|DAVID A. WILLIAMS,||
We review a district court's ruling on a motion for relief from judgment for an abuse of discretion. Sorbo v. United States Parcel Service, 432 F.3d 1169, 1177 (10th Cir. 2005). According to Rule 60(b), a motion for relief from judgment "shall be made within a reasonable time." Fed. R. Civ. P. 60(b). Moreover, such a motion may only be granted for the following reasons:
(1) mistake, inadvertence, surprise, or excusable neglect; (2) newly discovered evidence which by due diligence could not have been discovered in time to move for a new trial under Rule 59(b); (3) fraud (whether heretofore denominated intrinsic or extrinsic), misrepresentation, or other misconduct of an adverse party; (4) the judgment is void; (5) the judgment has been satisfied, released, or discharged, or a prior judgment upon which it is based has been reversed or otherwise vacated, or it is no longer equitable that the judgment should have prospective application; or (6) any other reason justifying relief from the operation of the judgment.
Id. Because Mr. Williams has offered no explanation for the two-year lapse between the district court's order dismissing his 1983 action and his motion for relief from judgment, and has not otherwise shown that his case falls into one of the six narrow categories under which relief from judgment is appropriate, the district court did not abuse its discretion in denying his Rule 60(b) motion.(1)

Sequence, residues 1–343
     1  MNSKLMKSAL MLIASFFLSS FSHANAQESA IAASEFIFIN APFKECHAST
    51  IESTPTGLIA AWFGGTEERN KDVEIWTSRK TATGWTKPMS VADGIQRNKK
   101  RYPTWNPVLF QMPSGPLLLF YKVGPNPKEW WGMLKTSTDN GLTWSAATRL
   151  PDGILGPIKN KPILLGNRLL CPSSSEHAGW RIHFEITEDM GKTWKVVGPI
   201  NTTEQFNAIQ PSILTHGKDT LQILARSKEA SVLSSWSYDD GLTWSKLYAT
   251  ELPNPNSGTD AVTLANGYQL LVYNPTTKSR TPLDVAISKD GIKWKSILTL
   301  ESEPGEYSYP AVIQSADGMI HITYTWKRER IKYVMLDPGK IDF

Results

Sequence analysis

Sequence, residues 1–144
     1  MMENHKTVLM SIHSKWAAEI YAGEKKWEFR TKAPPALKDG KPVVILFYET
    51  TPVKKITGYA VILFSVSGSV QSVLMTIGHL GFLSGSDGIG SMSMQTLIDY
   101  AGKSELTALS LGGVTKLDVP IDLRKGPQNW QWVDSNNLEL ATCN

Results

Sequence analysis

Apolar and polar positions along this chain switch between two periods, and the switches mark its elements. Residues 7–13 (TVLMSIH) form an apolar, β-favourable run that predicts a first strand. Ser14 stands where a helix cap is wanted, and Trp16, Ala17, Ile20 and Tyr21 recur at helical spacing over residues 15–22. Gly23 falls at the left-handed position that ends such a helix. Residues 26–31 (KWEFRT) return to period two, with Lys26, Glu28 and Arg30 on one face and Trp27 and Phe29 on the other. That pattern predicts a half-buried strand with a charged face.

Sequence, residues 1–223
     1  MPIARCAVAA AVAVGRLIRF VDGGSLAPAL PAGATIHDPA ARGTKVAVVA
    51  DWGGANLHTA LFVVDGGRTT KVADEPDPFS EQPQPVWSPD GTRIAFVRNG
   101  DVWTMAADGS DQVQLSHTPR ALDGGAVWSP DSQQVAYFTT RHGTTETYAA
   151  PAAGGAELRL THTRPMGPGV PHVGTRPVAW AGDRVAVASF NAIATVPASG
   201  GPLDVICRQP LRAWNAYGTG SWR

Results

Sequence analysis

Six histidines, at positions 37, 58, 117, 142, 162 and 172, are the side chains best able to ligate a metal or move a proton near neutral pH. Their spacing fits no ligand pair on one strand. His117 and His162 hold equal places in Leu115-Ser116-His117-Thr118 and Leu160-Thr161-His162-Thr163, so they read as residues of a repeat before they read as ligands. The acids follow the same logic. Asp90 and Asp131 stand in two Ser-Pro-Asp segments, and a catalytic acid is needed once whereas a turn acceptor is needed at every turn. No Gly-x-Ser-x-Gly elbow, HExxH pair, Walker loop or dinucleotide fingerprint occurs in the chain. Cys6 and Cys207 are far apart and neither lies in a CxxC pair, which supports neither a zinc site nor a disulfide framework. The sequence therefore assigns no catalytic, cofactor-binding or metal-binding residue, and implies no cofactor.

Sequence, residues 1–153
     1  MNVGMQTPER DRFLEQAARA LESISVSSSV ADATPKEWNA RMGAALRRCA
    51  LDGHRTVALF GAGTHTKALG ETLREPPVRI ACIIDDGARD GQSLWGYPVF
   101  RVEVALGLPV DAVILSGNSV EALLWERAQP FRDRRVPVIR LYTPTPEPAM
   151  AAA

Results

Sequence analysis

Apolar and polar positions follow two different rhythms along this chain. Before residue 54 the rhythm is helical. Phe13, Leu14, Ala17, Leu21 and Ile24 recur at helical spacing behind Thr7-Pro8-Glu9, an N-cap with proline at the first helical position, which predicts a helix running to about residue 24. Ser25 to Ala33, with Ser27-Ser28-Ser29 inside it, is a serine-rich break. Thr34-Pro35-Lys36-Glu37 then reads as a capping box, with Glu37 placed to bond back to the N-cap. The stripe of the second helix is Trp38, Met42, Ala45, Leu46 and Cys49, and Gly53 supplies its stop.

Mr. Williams's appeal is "without merit in that it lacks an arguable basis in either law or fact." Thompson v. Gibson, 289 F.3d 1218, 1222 (10th Cir. 2002). We DENY Mr. Williams's motion to proceed IFP under § 1915(a)(1) and DISMISS this appeal pursuant to 28 U.S.C. § 1915(e)(2)(B)(i). Mr. Williams is responsible for the immediate payment of the unpaid balance of the appellate filing fee. The dismissal of this appeal counts as one strike pursuant to 28 U.S.C. § 1915(g). See Jennings v. Natrona County Det. Ctr. Med. Facility, 175 F.3d 775,
780 (10th Cir. 1999).
Entered for the Court
Paul J. Kelly, Jr.
*. This order and judgment is not binding precedent, except under the doctrines of law of the case, res judicata, and collateral estoppel. It may be cited, however, for its persuasive value consistent with Fed. R. App. P. 32.1 and 10th Cir. R. 32.1.
**. After examining the briefs and the appellate record, this three-judge panel has determined unanimously that oral argument would not be of material assistance in the determination of this appeal. See Fed. R. App. P. 34(a); 10th Cir. R. 34.1(G). The cause is therefore ordered submitted without oral argument.
1. In its order, the district court also denied two motions for relief filed by Mr. Williams on the grounds that the relief sounded in habeas corpus, and that the prosecutors were protected by absolute immunity. To the extent Mr. Williams challenges that portion of the district court's order on appeal, we affirm for substantially the same reasons set forth by the district court.